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Topic: which equation do I use?  (Read 9586 times)

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bowersst

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which equation do I use?
« on: November 30, 2004, 07:16:12 PM »
I am unsure which equation to use in this problem:

At an altitude of 60.00 km, the average atmospheric temperature is essentially 0 degrees C. What is the average number of air molecules per cubic centimeter of air at this altitude?

^I was thinking that I could just solve the equation for the pressure as a function of height and temperature and from this use the ideal gas equation to calculate the volume of air. My dilemna is that I cannot find the equation for pressure as a function of height. Am I supposed to get this from a table or something?

Demotivator

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Re:which equation do I use?
« Reply #1 on: November 30, 2004, 11:15:30 PM »
Well there are tables.

There is also a hydrostatic equation
dp/dz = -dens(g)
dens is average density of air at sea level. (it happens to be about 1.3 kg/m3 at normal temp)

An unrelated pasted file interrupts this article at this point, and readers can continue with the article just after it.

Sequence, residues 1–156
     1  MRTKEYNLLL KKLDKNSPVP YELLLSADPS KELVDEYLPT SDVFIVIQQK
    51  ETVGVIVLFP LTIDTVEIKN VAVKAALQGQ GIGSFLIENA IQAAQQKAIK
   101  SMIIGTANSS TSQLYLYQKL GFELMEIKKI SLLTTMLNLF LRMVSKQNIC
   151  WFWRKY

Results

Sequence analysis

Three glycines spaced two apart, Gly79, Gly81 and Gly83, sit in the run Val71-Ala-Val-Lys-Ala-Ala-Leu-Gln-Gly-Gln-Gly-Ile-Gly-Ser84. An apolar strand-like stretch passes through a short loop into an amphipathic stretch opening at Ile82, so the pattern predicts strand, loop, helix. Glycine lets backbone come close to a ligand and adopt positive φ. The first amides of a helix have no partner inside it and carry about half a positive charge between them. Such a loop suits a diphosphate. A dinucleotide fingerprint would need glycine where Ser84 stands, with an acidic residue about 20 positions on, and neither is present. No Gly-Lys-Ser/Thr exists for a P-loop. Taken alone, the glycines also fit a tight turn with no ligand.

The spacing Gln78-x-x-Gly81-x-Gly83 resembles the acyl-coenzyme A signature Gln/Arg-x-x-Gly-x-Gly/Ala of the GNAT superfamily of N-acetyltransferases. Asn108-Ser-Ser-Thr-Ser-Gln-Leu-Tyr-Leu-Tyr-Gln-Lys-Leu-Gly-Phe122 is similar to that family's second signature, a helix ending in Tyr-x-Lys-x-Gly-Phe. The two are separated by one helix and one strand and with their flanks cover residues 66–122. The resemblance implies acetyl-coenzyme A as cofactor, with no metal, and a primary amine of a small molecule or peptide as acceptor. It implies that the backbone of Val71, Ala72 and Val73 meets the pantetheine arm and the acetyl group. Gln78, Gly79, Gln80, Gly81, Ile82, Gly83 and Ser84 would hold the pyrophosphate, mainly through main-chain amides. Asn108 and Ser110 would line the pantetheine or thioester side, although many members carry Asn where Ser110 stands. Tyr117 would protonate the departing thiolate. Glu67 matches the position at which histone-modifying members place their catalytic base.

g is gravitational acceleration (9.8 m/sec^2)

The way I see it,
dens can be calculated from n/V = P/RT
where P is about 1 atm at sea level and T = 273K (0 C). (Although temp really isn't on average zero C at the surface, setting it at 0C now makes it unnecessary to readjust P for 0 C at altitude.)
n/V is related to density through a costant (weighted average MW of air).

The equation can be integrated to solve for P at a delta z.
Of course, you have to be careful with the units.

bowersst

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Re:which equation do I use?
« Reply #2 on: December 02, 2004, 07:42:44 PM »
Thank you for the reply.

I have looked in my chem and physics books, but have found no tables. If you know of a table of this sort available online, let me know. In the meanwhile, I will try and calc it.

Demotivator

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Re:which equation do I use?
« Reply #3 on: December 02, 2004, 09:01:46 PM »
http://www.sablesys.com/baro-altitude.html

btw,  60.0 km?  seems too high a number to me.

Offline billnotgatez

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Re:which equation do I use?
« Reply #4 on: December 05, 2004, 05:47:40 AM »
Let us know if the density is near 0.0003 kg/m3

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